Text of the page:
The way I would put the point about relativism goes along these lines: In considering terrible events in the past, it is necessary to acknowledge the two perspectives (participant and observer). As became evident in an earlier discussion of the Athenian massacre of the Melians (link), the authors and perpetrators of horrific acts in the past sometimes choose to perform these acts within a moral worldview that they believe justifies their actions. However, we can dispense altogether with the question of moral relativism. It is perfectly reasonable for us in the present to judge that these practices and actions in the past were wrong and unjust (slavery, genocide, deliberate starvation, mutilation, …), whether or not participants at the time found these practices morally acceptable. Their moral frameworks were defective and corrigible.

And second, Kekes places “decency” and “moral imagination” at the center of what is needed if we are to learn from the historical experience of evil.

It is reasonable to conclude, then, that if moral imagination had enabled evildoers to understand better their victims and their own motives and to realize that they had attractive alternatives to evildoing, then they would have been less likely to become or to continue as evildoers…. Moderately intelligent people have the capacity of moral imagination, but like other modes of imagination, it has to be cultivated. (237)

We can cultivate moral imagination by paying attention to the realities of the experience of other human beings — through our personal experience, through literature, and through the horrors of the histories of the Cathar Crusade or the Argentinian “dirty war”. Human beings are not fixed in their moral capabilities; rather, we can gain compassion and resist the impulses towards participating in evil actions.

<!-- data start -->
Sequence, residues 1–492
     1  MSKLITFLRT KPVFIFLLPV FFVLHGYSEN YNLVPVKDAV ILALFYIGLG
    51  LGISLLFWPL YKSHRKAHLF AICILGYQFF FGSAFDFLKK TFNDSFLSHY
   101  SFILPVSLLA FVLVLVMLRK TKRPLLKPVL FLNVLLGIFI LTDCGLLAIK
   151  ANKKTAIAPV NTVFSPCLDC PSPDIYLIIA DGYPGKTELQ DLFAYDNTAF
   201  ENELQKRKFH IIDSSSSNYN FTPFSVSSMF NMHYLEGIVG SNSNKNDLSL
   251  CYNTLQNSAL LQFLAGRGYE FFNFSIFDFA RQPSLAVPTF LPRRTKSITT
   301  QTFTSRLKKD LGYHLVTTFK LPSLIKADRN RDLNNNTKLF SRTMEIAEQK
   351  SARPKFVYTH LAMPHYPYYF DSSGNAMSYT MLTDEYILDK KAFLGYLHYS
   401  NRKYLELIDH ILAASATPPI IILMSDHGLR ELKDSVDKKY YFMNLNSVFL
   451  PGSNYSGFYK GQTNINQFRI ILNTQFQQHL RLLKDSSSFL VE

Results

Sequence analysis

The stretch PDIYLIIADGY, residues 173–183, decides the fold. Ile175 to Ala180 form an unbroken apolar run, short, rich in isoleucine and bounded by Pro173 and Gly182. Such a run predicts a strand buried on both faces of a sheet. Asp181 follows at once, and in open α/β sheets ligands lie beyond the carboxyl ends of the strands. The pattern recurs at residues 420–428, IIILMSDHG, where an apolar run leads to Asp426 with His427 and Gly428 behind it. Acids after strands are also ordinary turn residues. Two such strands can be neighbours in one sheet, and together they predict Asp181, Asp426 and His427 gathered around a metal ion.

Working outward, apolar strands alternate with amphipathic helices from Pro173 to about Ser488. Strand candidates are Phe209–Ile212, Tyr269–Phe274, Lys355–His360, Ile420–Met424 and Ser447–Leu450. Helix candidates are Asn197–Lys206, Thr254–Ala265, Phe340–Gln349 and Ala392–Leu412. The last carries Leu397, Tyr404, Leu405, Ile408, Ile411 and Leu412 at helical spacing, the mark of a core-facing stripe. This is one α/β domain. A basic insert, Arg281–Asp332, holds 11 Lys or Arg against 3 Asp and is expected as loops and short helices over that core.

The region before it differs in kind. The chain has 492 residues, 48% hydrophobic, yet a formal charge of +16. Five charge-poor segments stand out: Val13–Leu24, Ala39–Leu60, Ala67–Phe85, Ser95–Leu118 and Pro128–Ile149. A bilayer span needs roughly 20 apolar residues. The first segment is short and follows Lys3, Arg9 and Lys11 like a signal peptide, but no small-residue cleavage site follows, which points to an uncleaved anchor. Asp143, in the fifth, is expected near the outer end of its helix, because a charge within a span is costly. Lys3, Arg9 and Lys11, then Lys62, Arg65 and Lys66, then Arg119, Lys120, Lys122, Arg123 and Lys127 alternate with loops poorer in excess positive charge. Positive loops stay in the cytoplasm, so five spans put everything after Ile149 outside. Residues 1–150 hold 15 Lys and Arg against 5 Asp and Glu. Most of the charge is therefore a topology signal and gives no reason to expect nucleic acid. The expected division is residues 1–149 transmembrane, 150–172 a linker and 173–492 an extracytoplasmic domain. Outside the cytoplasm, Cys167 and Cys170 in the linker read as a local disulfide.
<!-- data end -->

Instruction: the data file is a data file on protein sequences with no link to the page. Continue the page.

The cultivation of moral imagination in this way provides not only personal enrichment but also a moral force that can help make lives better and cope with evil. By increasing self-knowledge, presenting attractive alternatives to evildoing, and providing a basis for the comparison, contrast, and criticism of one’s own way of being and acting, moral imagination helps to avoid the falsifications involved in unintentional evildoing. (238)

This observation about the cultivation of moral imagination points in the direction of a view of how it is possible to learn from history. Learning and confronting the horrific circumstances of the massacres of the Cathars, the torture of Argentine leftists, or the deliberate starvation of Ukrainian peasants, unavoidably brings us to a more vivid understanding of the moral evil of those events: the pain, suffering, and loss that these actions created for human beings much like ourselves. The strongest impression I took away from Hannah Arendt’s account of the trial of Eichmann is the utter lack of sympathy, pity, or compassion he showed for the victims of his activities. Atrocities often depend on the total dehumanization of the victims, and compassion makes it more difficult to accomplish that trick.